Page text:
This is all analytically inadequate, as (rotten) apples are not a satisfactory unit of analysis: one has to look at the trees, indeed the forest. Of course there is plenty of decadence, fornication, and lying in the financial sector and I have no doubt that all these vices are overrepresented in the financial districts. But these are symptoms rather than the disease. The other way round, it would be very surprising if young males, earning lots of money, taking lots of risk (albeit with other people’s money), operating without meaningful oversight, cheered on by the media (until 2008 at least) and with bosses recruited from WASP-fraternities, would not be(come) decadent. Any adequate analysis has to be scaled up one or two levels. How did bankers waste, speculate and steal other people’s money? And how did they get this opportunity?


The Big Short

The aforementioned remark of Wijnberg is interesting for yet another reason. Wijnberg stated that one of the main characters of the Big Short, played by Christian Bale, was the only one who saw the crisis coming. This is incorrect. It is a myth that no one saw it coming. As Dutch economist Bezemer has extensively documented, there were several people who saw it coming and who clearly documented both the cause (build-up of private debt) of the crisis-in-the-making and the mechanism (the collapsing house-bubble) that would trigger it.[2] It is true that all these figures were (and have remained) somewhat peripheral figures in academia (no one received a Nobel prize for, well, seeing the GFC coming).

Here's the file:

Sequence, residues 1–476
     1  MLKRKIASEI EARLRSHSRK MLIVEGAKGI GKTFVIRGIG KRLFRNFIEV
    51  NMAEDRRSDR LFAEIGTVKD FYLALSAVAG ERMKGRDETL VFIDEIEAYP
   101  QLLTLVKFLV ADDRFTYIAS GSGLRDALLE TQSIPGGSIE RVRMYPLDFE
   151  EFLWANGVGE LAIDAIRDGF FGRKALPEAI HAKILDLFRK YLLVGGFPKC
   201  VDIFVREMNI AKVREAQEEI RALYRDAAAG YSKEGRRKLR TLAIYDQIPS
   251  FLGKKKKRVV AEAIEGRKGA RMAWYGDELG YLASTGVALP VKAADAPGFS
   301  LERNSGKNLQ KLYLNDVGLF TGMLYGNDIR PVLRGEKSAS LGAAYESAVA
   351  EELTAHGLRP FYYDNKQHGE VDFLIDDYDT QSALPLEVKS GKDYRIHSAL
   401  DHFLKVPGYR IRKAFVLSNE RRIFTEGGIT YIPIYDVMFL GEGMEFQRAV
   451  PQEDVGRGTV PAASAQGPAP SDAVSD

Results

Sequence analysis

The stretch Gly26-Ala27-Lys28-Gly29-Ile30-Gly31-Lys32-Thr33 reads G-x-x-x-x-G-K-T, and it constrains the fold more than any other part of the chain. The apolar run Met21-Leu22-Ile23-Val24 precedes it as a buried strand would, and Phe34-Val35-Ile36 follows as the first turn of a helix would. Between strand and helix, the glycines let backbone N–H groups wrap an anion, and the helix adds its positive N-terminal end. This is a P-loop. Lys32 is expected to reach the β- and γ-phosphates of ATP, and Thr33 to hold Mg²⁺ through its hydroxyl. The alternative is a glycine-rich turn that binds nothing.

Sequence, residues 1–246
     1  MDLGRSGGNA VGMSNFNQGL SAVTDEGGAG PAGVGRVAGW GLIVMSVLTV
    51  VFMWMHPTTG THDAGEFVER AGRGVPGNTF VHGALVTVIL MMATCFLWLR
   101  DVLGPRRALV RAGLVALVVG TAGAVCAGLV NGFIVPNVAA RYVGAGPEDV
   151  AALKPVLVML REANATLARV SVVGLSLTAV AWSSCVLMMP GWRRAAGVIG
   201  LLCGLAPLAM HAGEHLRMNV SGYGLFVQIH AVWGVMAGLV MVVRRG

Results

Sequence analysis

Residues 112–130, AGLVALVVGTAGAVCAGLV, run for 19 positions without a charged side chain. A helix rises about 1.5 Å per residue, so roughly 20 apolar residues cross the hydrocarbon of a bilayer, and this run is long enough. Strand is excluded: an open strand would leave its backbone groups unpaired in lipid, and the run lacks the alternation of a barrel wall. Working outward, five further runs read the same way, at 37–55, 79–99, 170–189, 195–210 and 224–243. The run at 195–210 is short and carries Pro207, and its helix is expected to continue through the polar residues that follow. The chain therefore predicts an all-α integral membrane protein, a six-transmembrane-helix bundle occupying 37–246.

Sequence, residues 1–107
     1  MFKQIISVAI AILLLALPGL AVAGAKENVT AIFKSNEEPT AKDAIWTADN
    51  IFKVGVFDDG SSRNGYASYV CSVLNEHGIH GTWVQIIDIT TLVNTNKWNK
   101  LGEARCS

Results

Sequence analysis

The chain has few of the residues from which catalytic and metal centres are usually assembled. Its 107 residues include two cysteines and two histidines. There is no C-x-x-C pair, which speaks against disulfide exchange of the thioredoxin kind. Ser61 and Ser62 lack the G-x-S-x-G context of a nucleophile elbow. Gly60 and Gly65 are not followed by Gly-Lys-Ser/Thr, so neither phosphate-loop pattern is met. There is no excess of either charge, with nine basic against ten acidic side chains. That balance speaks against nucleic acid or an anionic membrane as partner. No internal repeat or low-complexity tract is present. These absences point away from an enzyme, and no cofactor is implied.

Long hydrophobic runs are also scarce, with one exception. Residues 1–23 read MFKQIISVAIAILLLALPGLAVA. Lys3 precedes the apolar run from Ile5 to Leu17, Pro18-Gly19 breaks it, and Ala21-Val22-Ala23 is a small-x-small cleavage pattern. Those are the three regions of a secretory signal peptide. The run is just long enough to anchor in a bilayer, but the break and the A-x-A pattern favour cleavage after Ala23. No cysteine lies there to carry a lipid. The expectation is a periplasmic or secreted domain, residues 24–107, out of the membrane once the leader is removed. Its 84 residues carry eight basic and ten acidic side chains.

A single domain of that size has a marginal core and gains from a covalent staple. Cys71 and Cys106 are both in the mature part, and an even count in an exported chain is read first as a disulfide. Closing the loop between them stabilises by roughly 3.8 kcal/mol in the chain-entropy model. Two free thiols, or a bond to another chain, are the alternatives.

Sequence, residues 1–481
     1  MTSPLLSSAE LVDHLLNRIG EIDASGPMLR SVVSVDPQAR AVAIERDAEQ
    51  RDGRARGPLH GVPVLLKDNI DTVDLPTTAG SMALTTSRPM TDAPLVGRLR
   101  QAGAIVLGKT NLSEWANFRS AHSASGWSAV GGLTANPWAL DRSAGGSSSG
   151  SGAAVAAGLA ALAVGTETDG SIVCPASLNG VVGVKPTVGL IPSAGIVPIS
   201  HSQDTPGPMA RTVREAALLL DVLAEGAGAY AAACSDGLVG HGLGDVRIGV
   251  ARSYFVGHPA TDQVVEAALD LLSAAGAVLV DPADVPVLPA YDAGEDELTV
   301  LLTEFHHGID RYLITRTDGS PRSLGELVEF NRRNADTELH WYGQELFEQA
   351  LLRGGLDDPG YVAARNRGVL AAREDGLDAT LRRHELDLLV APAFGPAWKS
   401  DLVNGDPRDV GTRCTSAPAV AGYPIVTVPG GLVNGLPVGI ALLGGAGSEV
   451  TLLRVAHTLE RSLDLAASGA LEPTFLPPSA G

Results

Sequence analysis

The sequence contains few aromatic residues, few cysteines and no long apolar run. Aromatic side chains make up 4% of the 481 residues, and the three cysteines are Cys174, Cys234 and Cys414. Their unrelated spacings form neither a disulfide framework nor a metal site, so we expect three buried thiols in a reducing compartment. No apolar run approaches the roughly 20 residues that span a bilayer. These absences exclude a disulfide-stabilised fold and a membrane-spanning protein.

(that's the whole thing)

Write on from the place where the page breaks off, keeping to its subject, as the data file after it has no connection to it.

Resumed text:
This all matters, since although the Big Short is already far more interesting than Wolf of Wall Street, it does not break with its individualistic and moralizing framework. The Big Short presents three asset managers -played by among others Christian Bale and Ryan Gosling- who established in 2005 that there was a gigantic housing bubble, with house-prices being higher than (stagnating) wages could ultimately sustain. Investment banks were however still massively trading financial products (so called mortgage-backed-securities or MBS), the value of which was based on the assumption of ever rising house prices. So the asset managers decide to short the housing market by shorting the MBS that investment banks so voluminously traded. If they are right and house prices will indeed decrease, they will earn big time. Much of the movie revolves around the question whether the asset managers can pull it off. And of course, the protagonists of the movie pull it off and walk away with a lot of money.

The great financial crisis certainly isn’t the David vs. Goliath-story that the Big Short takes it to be.